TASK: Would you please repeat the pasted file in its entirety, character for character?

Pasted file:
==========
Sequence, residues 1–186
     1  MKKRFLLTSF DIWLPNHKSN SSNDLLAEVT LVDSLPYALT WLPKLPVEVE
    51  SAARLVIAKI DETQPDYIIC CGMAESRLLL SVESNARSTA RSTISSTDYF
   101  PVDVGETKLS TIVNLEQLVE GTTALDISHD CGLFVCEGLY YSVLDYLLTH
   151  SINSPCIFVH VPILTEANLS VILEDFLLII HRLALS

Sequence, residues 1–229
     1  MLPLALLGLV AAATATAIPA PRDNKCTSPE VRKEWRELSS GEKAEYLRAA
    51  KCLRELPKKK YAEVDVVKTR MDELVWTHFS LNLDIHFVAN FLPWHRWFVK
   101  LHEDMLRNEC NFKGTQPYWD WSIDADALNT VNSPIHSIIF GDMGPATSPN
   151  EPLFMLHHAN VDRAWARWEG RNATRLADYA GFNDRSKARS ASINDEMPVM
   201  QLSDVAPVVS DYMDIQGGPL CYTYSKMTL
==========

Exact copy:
Sequence, residues 1–186
     1  MKKRFLLTSF DIWLPNHKSN SSNDLLAEVT LVDSLPYALT WLPKLPVEVE
    51  SAARLVIAKI DETQPDYIIC CGMAESRLLL SVESNARSTA RSTISSTDYF
   101  PVDVGETKLS TIVNLEQLVE GTTALDISHD CGLFVCEGLY YSVLDYLLTH
   151  SINSPCIFVH VPILTEANLS VILEDFLLII HRLALS

Sequence, residues 1–229
     1  MLPLALLGLV AAATATAIPA PRDNKCTSPE VRKEWRELSS GEKAEYLRAA
    51  KCLRELPKKK YAEVDVVKTR MDELVWTHFS LNLDIHFVAN FLPWHRWFVK
   101  LHEDMLRNEC NFKGTQPYWD WSIDADALNT VNSPIHSIIF GDMGPATSPN
   151  EPLFMLHHAN VDRAWARWEG RNATRLADYA GFNDRSKARS ASINDEMPVM
   201  QLSDVAPVVS DYMDIQGGPL CYTYSKMTL